ANCHORAGE, Alaska — Four days after two men were gunned down at a Coast Guard air station on Kodiak Island, the FBI is releasing few details of the investigation other that reassurances that the adjacent community is not in danger.
"There's very little we can say about the investigation, trying to maintain the integrity of the investigation," said spokesman Eric Gonzalez in Anchorage. "We're not in a position where we can disclose more."
The FBI is the lead investigative agency in the deaths Thursday of Petty Officer 1st Class James Hopkins, 41, an electronics technician from Vergennes, Vt., and Richard Belisle, 51, a former chief petty officer who continued service to the Coast Guard as a civilian employee.
Another worker found their bodies shortly after their shifts began at the station, which monitors radio traffic from ships and planes.
The Coast Guard has not revealed where they were found, but radio station KMXT in Kodiak reported that the men were working in a structure known as the "rigging building."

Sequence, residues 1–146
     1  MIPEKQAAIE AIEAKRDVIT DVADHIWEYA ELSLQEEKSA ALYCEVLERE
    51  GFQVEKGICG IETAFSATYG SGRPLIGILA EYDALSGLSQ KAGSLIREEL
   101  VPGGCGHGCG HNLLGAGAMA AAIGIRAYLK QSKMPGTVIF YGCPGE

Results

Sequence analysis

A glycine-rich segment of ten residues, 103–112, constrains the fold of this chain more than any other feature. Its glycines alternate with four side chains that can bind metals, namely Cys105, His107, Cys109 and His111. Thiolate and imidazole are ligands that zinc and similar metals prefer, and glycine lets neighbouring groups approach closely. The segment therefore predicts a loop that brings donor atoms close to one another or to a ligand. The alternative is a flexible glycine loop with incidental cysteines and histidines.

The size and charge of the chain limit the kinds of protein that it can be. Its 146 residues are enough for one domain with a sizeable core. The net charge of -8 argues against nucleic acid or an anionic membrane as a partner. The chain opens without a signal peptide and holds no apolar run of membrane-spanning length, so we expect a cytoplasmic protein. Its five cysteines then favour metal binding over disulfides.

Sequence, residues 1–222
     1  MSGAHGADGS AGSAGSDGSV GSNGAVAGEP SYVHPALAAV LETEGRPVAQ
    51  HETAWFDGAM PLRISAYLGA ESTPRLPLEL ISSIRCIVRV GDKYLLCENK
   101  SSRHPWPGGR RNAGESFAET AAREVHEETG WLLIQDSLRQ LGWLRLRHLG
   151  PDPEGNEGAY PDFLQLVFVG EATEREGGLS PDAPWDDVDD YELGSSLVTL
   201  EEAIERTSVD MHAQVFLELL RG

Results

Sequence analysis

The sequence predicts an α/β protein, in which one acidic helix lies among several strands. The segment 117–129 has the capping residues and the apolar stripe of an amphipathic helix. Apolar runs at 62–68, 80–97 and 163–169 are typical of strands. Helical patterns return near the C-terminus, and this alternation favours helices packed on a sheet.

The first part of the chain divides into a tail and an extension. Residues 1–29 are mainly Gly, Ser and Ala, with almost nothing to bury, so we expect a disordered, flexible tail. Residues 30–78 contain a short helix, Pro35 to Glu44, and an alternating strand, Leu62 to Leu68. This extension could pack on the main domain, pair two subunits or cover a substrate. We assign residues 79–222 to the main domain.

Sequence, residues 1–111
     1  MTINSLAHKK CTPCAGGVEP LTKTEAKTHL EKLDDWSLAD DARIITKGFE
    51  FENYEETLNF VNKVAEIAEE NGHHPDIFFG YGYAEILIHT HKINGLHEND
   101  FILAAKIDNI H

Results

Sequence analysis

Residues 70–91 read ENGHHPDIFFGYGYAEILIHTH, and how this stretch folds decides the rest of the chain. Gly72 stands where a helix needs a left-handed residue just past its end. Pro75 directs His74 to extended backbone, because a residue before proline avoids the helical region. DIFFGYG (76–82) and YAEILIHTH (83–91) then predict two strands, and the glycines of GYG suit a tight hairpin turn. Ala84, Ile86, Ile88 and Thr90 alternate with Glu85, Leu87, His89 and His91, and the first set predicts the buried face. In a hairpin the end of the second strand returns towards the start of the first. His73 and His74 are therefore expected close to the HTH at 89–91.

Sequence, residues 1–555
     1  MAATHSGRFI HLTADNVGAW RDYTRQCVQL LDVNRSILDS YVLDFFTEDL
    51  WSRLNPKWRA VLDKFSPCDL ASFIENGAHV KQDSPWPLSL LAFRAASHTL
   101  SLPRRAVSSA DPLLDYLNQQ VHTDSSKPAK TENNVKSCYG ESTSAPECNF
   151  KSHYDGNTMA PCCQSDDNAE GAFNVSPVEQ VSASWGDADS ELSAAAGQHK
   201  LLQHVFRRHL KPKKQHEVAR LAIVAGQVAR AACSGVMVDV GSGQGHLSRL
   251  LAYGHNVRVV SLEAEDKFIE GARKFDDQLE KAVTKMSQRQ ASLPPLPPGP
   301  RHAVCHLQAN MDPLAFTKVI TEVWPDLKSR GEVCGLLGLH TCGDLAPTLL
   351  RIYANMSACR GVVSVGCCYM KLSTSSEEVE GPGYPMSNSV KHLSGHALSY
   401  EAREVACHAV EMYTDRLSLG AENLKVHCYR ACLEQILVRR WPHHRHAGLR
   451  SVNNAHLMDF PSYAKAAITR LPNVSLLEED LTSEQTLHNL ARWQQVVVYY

Gonzalez said there is no indication the homicides were related to terrorism, and he was not aware of anything in the building that would be the target of thieves. Gonzales said he couldn't comment on whether the men were targeted or the victims of a random shooting, or whether investigators have recovered a weapon.
"We're not disclosing evidence in the case, the evidence we've collected," he said.
He also would not elaborate on why officials believe the 6,300 residents of Kodiak are not directly threatened.
"No suspect is in custody, but based on the investigation to date, there's no credible evidence that the community as a whole is in any danger," he said.
Coast Guard officials scheduled a town hall meeting for 7 p.m. Monday to discuss the homicides.
The Coast Guard plans to host a memorial service for the men at 1 p.m. Wednesday in an air station hangar.